Intelligence is required to create the technology to get to space, but perhaps additional characteristics—creativity, curiosity, ambition, pride, a bendable neck, etc.— are needed to want to do it.
Getting the Job Done
One of the factors that has allowed our rapid increase in technological advances is our ability to share knowledge. Underpinning that communication is our desire to be social. Maybe intelligent sharks would become more social in situations when it is useful, like when fending off a pod of dolphins or building a rocket ship to explore Mars, but at their core they would still be solitary creatures. Would a shark want to tell another shark about his scientific theories, or would he just want to tell the other shark to [kiss] off? That type of small-scale interaction is required to advance knowledge through the centuries, but an Apollo mission would likely require hundreds of sharks to work together. You, human reader, belong to a social species that desires community and belonging and, despite this, your co-workers can barely function as a group. An office full of sharks would do much worse.
Even if sharks desired to share information, they’d face challenges we don’t face. Their habitat is far greater in size, making in “person” interactions less frequent. Oh, and they lack vocal cords and instead have to communicate with body language, which would be a challenging way to describe something like the theory of gravity to someone. In addition to these basic forms of communication, sharks would have to develop advanced communications technology that would stand up to the ocean to accelerate scientific progress. Paper, ink, printing presses, and electronics are out.
Because of the issues described above, it would require far greater technology than humans created for sharks to get to space. And they would have to build all of this technology without the benefit of having fingers. No toes, either. Just some fins and a big ‘ol mouth that’s designed for chomping things. Maybe they domesticate some crabs and octopuses to help function as their digits on certain projects, but there is a level of work that requires the worker himself to be intelligent. A very low level.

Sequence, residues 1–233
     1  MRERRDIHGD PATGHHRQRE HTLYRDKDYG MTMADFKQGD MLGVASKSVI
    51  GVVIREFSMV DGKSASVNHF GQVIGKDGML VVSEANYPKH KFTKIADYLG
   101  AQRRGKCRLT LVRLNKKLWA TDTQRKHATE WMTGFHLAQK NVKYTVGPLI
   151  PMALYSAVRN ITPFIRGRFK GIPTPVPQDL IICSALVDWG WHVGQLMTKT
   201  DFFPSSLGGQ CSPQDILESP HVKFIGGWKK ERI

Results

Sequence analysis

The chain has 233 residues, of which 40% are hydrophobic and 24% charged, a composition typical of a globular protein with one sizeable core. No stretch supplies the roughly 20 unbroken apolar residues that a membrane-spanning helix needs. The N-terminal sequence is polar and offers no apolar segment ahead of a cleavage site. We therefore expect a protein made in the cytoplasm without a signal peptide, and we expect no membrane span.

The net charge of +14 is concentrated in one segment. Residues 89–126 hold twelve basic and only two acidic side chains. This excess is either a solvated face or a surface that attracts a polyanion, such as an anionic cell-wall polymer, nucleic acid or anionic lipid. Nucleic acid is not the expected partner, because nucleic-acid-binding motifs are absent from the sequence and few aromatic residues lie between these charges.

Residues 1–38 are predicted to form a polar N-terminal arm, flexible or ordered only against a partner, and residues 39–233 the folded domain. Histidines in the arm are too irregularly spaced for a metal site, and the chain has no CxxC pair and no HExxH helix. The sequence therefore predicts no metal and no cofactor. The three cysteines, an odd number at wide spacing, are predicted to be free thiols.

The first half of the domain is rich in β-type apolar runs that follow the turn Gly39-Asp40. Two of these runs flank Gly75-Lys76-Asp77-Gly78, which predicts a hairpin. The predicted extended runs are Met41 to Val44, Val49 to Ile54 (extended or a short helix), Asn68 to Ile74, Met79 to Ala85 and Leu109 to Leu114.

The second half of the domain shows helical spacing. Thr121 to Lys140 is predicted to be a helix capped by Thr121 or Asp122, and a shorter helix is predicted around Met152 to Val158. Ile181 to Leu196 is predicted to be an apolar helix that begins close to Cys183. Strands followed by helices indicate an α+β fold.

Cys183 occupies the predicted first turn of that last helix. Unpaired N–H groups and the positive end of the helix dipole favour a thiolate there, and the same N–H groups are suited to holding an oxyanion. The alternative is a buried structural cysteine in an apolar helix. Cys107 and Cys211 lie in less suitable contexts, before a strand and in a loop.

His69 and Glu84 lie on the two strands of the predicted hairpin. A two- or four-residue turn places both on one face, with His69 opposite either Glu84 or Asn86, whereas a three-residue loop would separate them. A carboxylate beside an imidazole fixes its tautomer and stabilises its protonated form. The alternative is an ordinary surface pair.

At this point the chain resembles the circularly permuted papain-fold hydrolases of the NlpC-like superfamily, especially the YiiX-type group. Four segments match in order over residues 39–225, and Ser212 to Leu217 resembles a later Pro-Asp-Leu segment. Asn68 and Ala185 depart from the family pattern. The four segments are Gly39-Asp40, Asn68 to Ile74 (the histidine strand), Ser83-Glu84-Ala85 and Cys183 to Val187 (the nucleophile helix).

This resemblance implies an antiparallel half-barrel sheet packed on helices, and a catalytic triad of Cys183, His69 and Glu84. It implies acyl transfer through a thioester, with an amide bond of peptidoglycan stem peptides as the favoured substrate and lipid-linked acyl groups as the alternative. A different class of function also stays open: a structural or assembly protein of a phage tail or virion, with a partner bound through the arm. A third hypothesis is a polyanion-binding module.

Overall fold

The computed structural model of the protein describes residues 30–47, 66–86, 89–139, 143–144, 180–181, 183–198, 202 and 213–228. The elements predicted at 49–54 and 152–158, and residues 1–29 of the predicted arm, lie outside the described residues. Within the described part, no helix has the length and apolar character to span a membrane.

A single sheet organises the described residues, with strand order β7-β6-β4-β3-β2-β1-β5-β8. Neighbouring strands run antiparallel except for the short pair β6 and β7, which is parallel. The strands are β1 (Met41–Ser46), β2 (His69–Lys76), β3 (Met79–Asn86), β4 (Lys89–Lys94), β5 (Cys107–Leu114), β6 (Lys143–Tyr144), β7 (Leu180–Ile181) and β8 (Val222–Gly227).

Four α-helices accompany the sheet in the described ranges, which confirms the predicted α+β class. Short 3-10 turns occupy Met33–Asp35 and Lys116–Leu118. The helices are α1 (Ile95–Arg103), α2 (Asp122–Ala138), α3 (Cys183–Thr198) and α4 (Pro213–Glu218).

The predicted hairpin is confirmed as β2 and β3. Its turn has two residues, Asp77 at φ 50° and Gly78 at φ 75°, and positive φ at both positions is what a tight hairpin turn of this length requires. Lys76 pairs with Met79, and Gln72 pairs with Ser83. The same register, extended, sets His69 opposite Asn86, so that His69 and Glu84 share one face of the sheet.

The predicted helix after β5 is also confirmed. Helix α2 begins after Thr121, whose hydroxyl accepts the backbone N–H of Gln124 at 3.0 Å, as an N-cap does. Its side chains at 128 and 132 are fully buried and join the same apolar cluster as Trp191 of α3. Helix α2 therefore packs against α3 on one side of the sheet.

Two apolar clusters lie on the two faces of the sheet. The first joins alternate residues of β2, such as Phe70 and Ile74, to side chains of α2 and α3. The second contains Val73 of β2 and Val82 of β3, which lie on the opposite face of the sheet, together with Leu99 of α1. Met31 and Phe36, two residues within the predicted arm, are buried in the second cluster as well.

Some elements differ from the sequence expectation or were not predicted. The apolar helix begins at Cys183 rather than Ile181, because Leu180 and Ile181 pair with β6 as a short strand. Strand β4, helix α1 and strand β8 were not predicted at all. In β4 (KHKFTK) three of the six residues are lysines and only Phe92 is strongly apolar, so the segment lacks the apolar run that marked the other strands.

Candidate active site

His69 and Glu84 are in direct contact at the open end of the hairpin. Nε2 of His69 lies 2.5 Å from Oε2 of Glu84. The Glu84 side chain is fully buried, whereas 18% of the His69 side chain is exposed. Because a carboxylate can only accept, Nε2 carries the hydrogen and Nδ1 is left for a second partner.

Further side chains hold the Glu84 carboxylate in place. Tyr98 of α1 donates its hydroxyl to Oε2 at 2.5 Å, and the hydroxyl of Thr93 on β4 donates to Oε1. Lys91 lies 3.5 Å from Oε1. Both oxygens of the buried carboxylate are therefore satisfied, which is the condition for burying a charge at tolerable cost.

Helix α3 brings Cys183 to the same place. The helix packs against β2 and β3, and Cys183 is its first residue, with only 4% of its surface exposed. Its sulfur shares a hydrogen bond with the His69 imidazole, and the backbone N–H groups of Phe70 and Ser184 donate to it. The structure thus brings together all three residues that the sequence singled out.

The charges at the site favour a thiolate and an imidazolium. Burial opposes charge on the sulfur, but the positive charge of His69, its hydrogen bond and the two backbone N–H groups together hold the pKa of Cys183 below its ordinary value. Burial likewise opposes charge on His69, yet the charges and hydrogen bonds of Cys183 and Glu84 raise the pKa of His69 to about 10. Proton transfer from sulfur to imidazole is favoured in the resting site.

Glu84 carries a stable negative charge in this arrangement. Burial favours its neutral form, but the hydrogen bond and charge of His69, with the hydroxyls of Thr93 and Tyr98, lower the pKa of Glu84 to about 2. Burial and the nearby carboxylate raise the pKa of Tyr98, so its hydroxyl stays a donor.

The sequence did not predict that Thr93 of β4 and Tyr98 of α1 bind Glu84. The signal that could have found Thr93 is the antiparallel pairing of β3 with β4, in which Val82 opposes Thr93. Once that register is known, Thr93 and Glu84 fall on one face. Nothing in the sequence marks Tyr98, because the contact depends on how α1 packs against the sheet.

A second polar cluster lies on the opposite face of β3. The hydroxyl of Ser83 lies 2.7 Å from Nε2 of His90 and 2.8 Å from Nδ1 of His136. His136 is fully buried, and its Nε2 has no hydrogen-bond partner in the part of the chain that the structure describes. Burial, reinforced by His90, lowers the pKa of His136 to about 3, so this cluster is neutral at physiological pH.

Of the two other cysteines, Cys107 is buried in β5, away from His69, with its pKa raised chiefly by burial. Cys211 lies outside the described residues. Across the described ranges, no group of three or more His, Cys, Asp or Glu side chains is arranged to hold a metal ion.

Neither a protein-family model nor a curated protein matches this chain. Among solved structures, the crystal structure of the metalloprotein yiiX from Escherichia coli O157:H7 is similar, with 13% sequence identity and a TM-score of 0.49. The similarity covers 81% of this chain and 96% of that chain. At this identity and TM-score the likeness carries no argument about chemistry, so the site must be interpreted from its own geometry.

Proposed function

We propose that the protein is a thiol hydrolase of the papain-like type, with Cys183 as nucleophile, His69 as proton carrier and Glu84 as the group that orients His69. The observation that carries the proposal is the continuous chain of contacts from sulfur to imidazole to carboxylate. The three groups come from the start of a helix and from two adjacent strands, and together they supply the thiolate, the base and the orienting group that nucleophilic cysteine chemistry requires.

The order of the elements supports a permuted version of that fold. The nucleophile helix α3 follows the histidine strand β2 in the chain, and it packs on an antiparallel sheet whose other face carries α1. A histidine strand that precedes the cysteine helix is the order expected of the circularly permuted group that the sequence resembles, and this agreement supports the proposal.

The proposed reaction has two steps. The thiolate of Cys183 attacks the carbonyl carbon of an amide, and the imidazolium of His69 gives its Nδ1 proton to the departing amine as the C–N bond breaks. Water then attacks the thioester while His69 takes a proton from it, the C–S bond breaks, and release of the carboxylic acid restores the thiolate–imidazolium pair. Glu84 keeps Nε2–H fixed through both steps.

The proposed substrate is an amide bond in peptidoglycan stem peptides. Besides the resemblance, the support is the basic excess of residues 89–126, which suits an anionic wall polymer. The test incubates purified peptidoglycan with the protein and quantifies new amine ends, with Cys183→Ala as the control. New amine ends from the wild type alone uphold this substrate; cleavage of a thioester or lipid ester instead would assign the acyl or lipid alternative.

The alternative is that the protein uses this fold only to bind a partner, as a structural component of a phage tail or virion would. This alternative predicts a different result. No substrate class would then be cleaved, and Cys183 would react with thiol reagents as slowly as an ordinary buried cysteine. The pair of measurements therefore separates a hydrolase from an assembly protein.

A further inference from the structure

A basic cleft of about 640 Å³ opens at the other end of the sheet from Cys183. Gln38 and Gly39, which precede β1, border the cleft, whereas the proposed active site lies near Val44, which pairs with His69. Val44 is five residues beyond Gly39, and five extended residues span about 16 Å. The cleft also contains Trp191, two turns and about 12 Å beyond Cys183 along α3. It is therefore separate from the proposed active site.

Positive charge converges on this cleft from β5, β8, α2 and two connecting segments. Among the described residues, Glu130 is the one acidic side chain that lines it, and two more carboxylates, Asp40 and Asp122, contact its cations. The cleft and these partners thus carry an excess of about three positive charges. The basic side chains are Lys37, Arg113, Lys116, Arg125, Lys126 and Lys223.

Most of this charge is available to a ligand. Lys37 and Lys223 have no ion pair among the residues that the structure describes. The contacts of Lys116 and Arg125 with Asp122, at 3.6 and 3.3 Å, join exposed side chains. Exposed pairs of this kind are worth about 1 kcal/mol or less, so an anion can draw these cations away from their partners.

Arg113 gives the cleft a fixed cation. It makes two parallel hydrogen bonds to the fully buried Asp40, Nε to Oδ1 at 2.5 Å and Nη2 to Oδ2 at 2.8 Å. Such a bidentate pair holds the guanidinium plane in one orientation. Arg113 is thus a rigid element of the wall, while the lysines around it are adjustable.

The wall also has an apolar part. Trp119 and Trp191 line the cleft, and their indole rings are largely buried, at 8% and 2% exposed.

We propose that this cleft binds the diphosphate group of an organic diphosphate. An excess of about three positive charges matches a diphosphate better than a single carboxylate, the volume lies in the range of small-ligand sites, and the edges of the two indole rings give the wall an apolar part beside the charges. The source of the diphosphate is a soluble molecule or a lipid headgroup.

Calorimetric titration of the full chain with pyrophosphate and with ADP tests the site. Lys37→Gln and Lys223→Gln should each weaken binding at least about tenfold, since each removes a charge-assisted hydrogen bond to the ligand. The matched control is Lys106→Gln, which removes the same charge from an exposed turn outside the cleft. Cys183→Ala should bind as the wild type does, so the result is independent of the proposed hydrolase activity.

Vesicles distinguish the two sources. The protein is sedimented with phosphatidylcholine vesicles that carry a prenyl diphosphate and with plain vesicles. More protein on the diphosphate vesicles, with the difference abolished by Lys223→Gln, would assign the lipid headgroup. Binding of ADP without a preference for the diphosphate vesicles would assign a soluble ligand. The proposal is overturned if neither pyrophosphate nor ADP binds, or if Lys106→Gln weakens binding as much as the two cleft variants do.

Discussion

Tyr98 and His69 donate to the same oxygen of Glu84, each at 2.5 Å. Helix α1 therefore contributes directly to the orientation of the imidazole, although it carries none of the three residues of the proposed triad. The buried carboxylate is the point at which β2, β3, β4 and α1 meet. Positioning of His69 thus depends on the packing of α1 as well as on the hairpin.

Intelligent creatures will not automatically be interested in space travel and will not inherently have the capability to develop the technology necessary to reach space. While a different intelligent creature might not face all of the obstacles sharks have, any one of these obstacles—living underwater, lack of social skills, communications restraints, no fingers, etc. —is a significant hurdle.
But wait, there’s more. Other intelligent creatures would likely have their own obstacles sharks don’t face. Maybe they will be ant-sized and think their current planet is gigantic and already has endless opportunities to explore. Maybe they will be the size of a blue whale on a planet with stronger gravity than ours, and the thrust required to get off their planet deters them from ever getting started. Maybe they will be like koalas and struggle to complete their to-do list while also sleeping more than 20 hours a day. Maybe they will have the lifespan of a shrew and struggle to mature, raise a family, and add to their specie’s understanding of rocketry before they die in a year and a half.
The Hans Model indicates that intelligent sharks would almost certainly die out before leaving the surface of their planet. Space travel is on the current boundary of human capabilities, so we assume that an intelligent species would be on a similar path and an intelligent species that’s been around far longer would be far ahead of us. But maybe it’s a case of the Xeonpanes observation that “if a horse drew a picture of God it would look like a horse.” We’re biased toward seeing alien civilizations as advanced versions of ourselves. While this area of study requires further funding and research, humans may be better suited for space travel than we give ourselves credit for.
* Full disclosure, I originally started thinking about this with dolphins, but I knew some people would shit themselves with excitement thinking about sharks in space. Nearly every time I submit a paper to a scientific journal, a reviewer comments that my writing is too interesting for their publication. There’s an alternate universe where I’m boring and the publications section of my CV is two pages long, but in this universe, I’m all about the fans, baby!